The new home final walk-through is your last chance to raise objections, or get things fixed before you sign off on contracts. Many builders like to provide a sort of unveiling on the last day. It is hard to concentrate on looking at the house on the big day, but you should control yourself, and not be distracted by the beauty on the surface. Always have your eye on detail, functionality and structure.
New Home Final Walk-Through Tips: Look Many Times Before you Leap
This should not be your first viewing of the home. Overall the unveiling concept is a poor idea from the buyer’s point of view, and leaves a lot to chance. You should visit your home once or twice a week throughout the construction process to insure that the structure of the home is correct. Make sure this right is stipulated in your contract. Some builders actually try to keep the owners out of the house till after it is completed. Don’t sign with that kind of contractor. The most important parts of a home are hidden by the time of the walk through, and it is too late to see the most crucial elements clearly.
If you agreed to purchase the home after construction or during some phase of construction after framing, then have an expert view it, well before the final day, to make sure it is sound. Actually have an expert that you know and trust, view the home as soon as possible and before you sign anything.
You’ve seen this house many times so there is no need to get too excited. Run through the checklist to make sure everything is right. Bring an expert for your walk-through, and allow him to help you check for everything.
Flush all the toilets, not once but twice at least. Check all the sink and tub faucets and drains, and make sure the shower is working. Make sure the hot water is hot coming out of all the faucets. Let them run till you can be sure that the hot water heater works, and that all the faucets are correct. Check the cold water as well to insure that all the plumbing is correct. After all that water runs through try to see under the house if possible to check for water leaks. For the upstairs baths, run a good bit of water in the tub, and let it drain. Stick around and watch the downstairs ceiling directly under the tub, and following the path of the drain pipe. Also check the sprinkler system, and pool if applicable.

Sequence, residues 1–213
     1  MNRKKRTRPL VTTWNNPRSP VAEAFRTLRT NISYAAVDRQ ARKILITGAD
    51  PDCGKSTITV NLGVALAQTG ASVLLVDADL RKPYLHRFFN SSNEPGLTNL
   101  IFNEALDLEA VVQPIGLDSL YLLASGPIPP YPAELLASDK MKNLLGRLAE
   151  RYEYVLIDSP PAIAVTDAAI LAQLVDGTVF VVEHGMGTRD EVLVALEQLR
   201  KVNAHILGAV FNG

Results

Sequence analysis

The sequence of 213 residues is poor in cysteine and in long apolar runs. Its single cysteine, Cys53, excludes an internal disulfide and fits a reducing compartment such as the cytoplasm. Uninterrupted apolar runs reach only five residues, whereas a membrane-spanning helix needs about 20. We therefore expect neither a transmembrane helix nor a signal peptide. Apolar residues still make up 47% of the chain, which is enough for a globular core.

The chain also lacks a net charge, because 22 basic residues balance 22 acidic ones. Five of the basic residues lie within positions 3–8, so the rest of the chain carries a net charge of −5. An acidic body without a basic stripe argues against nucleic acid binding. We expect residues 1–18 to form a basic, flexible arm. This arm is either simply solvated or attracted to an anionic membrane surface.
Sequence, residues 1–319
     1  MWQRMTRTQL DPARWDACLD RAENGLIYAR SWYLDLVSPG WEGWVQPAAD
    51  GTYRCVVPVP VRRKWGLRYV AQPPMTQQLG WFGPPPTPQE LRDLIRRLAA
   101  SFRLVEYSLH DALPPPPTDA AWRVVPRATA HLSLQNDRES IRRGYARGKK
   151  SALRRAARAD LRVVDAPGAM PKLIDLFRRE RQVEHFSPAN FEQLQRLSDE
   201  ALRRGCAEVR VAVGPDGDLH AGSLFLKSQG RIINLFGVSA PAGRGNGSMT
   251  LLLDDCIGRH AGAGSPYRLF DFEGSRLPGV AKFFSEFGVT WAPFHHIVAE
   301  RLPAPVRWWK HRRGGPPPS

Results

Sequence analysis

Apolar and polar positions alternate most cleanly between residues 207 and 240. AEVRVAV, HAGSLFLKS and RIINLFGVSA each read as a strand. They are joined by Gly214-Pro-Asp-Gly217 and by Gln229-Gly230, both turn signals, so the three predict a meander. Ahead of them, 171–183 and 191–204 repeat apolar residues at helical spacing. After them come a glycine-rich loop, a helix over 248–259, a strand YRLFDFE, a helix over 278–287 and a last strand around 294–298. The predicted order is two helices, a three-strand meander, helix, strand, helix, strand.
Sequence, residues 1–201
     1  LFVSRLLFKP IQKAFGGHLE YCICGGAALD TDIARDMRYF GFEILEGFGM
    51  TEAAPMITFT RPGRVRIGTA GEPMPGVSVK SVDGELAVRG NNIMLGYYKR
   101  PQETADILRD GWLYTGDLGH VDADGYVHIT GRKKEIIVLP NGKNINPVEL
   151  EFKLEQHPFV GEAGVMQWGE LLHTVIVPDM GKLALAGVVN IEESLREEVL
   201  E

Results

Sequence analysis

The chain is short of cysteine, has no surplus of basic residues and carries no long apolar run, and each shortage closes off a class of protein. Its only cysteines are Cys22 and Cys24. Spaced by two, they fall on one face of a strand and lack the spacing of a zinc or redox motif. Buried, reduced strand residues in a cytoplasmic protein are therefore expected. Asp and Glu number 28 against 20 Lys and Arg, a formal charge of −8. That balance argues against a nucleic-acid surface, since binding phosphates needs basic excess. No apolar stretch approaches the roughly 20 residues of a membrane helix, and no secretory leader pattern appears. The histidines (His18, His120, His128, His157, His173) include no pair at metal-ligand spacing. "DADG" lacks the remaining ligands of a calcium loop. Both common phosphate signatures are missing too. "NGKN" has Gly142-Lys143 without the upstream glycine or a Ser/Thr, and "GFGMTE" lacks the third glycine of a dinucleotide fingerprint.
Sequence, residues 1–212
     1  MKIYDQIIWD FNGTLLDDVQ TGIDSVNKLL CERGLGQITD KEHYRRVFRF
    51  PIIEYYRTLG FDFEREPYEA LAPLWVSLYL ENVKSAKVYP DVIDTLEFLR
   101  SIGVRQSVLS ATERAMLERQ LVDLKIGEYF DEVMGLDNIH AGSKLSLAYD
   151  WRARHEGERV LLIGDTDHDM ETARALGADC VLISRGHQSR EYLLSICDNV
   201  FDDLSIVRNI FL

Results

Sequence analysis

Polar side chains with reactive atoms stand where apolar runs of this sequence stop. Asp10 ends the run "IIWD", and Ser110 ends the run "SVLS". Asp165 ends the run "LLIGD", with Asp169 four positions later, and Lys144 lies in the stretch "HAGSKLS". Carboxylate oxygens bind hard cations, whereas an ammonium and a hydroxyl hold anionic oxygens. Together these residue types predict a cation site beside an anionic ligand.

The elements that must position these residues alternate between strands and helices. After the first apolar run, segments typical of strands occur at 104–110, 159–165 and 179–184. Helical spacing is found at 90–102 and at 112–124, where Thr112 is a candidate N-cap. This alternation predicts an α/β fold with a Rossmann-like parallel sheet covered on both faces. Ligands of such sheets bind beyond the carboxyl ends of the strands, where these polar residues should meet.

Turn all the lights on and off, but then leave them all on. Check the appliances to make sure they are hooked up, plugged in and working. Make sure the heating and air conditioning units are operating correctly. Check any electronic equipment involved, such as home security and alarm systems, Ethernet systems, and all other electric or electronic equipment included in your home.
• Fire Place-You should hire an independent chimney expert to inspect the fireplaces and chimneys.
• Foundation- Inspect the foundation for cracks.
• Stairways – Check the sturdiness of the banister, and walk the stairs several times listening for squeaks, and feeling for potential sagging.
Open and close all the windows and doors. Check the locks to make sure they work. Inspect the sills for moisture and feel around the inside and outside of the frame for drafts.
Hopefully you had the opportunity to see the walls as they were constructed. If not you can see the thickness of interior walls by laying a ruler on the inside of the doorframe. Use a stud finder to check the spacing of studs if your home is a traditional frame home. Also pay attention to the molding, and look for gaps at the ceiling and floor. Make sure the paint and wallpaper are done to your satisfaction.
• Check the cabinet doors and hardware, to make sure they are what you ordered.
• Make sure that the cabinet drawers and doors open and close easily but do not tend to open on their own. The doors should close firmly and stay closed on their own.
• Check the cabinets and countertops for scratches and inspect the edges to make sure they are finished properly.
• Inspect the appliances for scratches and dints.
• Turn on the over burners, and then shut them off once you see they are working.
• Examine floor coverings and how they fit around the cabinets and walls. Floor coverings should go under the kick moldings.
Checking your home should have been an ongoing process, but even if not, this check should insure the quality of your home. Tell your home builder that this might take a while, and do not let him rush you. This new home final walk-through is essential and must be carried out with the greatest care.